One U.S. senator is hoping to cut off the flow of fentanyl to the many New York residents struggling with drug addiction.
U.S. Sen. and Senate Minority Leader Chuck Schumer (D-New York) announced support for a plan that would stop supplies of fentanyl, a synthetic opioid that is 50 to 100 times stronger than heroin and is not commonly reversed by Narcan, a lifesaving overdose drug, because of how quickly it enters the brain. The drug has come from China, Mexico and other countries into New York City and across the United States. Schumer also publicly decried a just-revealed White House plan to gut the Office of National Drug Control Policy’s budget by 95 percent.
“President Trump’s nonsensical proposal is the most destructive contribution he’s made yet to the fight against the opioid and heroin epidemic, and another clear sign he has no intention of keeping the promises he’s made to the American people,” Schumer said in a statement. “While candidate Trump pledged to ‘take care’ of Americans struggling with addiction and spend the money to succeed, his proposal to eliminate funding for programs, such as High Intensity Drug Trafficking Area and Drug-Free Communities — which are instrumental in aiding local enforcement drug trafficking in many communities in New York, at the southern border and elsewhere — would effectively kick Americans seeking treatment to the curb and make our communities less safe.”
In 2017, the office received $388 million, and under the Trump (R) administration’s proposal, the office would receive $24 million in 2018. The Office of National Drug Control Policy, which was authorized in 1988 with bipartisan support, currently directs the High Intensity Drug Trafficking Areas program, the National Youth Anti-Drug Media Campaign, the Drug Free Communities Program, anti-doping activities and the World Anti-Doping Agency. The proposed budget plan would also completely zero out the Drug-Free Communities and High Intensity Drug Trafficking Areas programs, which provide substantial support to treatment, prevention and enforcement efforts on the ground.
“Senate Democrats will never vote to defund these vital programs, and I know there are many colleagues across the aisle who feel likewise,” he said. “I urge the President and Republicans in Congress to reject this proposal immediately.”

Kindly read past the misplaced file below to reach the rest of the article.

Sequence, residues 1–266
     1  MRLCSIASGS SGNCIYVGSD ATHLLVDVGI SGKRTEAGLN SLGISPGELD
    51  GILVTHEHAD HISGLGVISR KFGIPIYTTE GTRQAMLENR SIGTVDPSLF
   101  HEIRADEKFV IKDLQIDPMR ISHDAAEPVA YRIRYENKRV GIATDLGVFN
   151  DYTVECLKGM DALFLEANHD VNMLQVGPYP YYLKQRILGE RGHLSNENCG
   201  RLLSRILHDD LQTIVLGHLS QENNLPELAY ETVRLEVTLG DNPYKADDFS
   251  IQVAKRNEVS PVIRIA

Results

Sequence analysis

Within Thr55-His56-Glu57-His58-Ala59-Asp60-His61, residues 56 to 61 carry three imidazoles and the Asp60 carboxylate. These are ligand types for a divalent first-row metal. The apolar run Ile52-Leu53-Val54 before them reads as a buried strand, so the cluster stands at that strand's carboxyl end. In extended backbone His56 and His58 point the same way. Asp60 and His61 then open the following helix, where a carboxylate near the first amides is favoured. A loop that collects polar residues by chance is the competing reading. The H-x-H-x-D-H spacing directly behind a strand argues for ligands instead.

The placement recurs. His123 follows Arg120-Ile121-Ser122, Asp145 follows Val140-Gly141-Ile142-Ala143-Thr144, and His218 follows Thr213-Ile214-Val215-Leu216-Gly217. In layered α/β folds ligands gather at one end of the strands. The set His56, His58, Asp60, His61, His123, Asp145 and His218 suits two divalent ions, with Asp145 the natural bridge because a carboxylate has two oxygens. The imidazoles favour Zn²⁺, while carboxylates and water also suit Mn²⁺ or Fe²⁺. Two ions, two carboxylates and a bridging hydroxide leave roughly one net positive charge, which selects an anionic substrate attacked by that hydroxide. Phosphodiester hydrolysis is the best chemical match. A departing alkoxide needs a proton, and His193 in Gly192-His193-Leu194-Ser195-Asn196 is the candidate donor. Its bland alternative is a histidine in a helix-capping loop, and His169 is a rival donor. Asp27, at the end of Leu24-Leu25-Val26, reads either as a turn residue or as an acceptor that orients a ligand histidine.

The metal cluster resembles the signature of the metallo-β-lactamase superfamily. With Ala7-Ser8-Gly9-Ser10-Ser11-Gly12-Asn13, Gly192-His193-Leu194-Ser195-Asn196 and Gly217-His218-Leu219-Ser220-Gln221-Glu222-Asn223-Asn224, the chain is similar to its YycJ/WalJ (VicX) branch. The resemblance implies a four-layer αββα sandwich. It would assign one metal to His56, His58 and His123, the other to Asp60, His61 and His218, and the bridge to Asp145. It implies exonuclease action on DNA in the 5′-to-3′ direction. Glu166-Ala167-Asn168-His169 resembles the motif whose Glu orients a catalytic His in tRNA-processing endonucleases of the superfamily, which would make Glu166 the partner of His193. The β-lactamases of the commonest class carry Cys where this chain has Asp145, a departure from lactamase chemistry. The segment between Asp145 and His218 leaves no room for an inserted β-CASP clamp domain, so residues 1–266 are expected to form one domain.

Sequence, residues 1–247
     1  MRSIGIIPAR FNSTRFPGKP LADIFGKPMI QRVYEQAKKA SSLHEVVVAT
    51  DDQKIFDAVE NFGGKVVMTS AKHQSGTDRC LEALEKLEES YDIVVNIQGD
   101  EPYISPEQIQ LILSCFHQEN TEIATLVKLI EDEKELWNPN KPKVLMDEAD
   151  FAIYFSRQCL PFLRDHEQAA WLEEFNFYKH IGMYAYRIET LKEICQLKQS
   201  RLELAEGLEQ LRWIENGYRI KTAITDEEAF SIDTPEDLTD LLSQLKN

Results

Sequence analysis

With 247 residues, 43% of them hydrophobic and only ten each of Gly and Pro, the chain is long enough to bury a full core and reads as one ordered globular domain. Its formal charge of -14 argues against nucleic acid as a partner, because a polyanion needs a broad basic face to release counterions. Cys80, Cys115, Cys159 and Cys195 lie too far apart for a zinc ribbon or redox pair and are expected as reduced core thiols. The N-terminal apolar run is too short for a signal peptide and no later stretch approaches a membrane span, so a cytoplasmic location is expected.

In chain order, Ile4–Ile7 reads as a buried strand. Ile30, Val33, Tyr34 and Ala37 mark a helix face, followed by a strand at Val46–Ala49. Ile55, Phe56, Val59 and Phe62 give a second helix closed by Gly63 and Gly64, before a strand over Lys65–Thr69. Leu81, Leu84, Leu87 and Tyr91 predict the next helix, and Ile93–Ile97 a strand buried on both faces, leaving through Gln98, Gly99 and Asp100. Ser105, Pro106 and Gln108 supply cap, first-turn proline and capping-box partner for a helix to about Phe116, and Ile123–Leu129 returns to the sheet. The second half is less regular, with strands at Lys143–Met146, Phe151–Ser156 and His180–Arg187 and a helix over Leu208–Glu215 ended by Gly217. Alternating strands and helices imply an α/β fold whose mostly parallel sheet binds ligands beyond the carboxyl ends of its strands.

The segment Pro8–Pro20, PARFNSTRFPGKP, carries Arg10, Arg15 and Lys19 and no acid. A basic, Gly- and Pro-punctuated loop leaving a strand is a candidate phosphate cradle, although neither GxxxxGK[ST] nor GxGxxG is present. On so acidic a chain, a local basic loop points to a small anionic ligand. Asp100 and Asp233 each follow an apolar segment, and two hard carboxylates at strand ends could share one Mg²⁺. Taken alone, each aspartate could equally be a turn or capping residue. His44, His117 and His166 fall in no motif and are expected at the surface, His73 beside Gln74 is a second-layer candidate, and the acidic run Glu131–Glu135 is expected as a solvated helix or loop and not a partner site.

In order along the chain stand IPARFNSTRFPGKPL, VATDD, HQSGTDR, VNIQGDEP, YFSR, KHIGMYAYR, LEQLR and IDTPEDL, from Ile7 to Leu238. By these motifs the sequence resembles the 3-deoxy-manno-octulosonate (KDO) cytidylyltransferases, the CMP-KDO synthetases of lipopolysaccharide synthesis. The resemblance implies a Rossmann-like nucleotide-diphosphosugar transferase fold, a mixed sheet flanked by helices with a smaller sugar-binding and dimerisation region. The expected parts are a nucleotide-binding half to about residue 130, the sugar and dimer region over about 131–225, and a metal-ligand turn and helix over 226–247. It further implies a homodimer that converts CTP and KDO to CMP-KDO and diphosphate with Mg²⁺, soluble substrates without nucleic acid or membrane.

With fentanyl continuing its sprint onto the streets of New York City and Long Island, Schumer also launched a major push for the International Narcotics Trafficking Emergency Response by Detecting Incoming Contraband with Technology Act. The senator noted the bill is even more important now, with the Office of National Drug Control Policy’s funding on the chopping block.
“Fentanyl-laced heroin is devastating our communities and law enforcement needs to utilize every tool and technology to stop the flow of this deadly poison,” Nassau County District Attorney Madeline Singas said in a statement. “The act will help law enforcement prevent fentanyl and other synthetic opioids from entering the country and will be a great asset in our efforts to dismantle the networks of traffickers and dealers who are fueling lethal heroin addictions.”
The Schumer-backed bill, introduced by U.S. Sen. Ed Markey (D-Massachusetts), would give U.S. Customs and Border Protection the hi-tech tools and resources needed to improve detection capabilities and increase the seizure of illicit fentanyl shipped to the U.S. from abroad through mail and express consignment carriers. Schumer said he would work with his colleagues to take action on this issue that is destroying families in New York and the rest of the country, and do everything in his power to prevent Trump’s proposal to cut funds.
“These deadly substances are being delivered to our homes, being sold on our streets and destroying our families,” Schumer said. “We know how they get here and where they come from, now we need to give U.S. Customs and Border Protection the resources to stop this flood and help save lives.”
Although pharmaceutical fentanyl can be misused, most of the fentanyl being sold on the street is illicitly manufactured. While distributors in China are the principal source of the precursor chemicals used to manufacture the drug, as well as a source for finished-product illicit fentanyl and fentanyl analogs, Mexico is the primary source for illicit fentanyl smuggled into the United States. Fentanyl suppliers then use methods to mislabel shipments or conceal them inside legitimate goods in order to avoid Customs and Border Protection detection. In 2016, nearly 200 pounds of fentanyl and other synthetic opioids were seized, primarily from along the southwest border. This is a 25-fold increase of seizures in 2015.
In 2015, 753 people died of an opioid overdose and, as of April, that number was projected to hit 1,075 for 2016. The New York City Department of Health and Mental Hygiene says fentanyl is driving overdose death increases in New York City and is increasingly present in deaths from drug overdoses. There were 303 opioid-related deaths in Suffolk County in 2016, including 171 related to fentanyl. In Nassau County, there were 190 opioid-related deaths in 2016, including 62 related to fentanyl.
“Fentanyl is now killing more Long Islanders than even heroin is, and we know it’s only a matter of time before the next deadly synthetic opioid hits the streets,” said Jeffrey Reynolds, president and chief executive officer of the Family and Children’s Association, a not-for-profit agency that helps protect and strengthen vulnerable children, seniors, families and communities on Long Island. “As substance abuse prevention specialists and addiction treatment professionals work to reduce the demand for drugs, the act will help reduce the supply of synthetic opioids flooding across our borders, into our homes, schools and communities. This legislation is critical as we continue to battle an unrelenting opioid and heroin crisis.”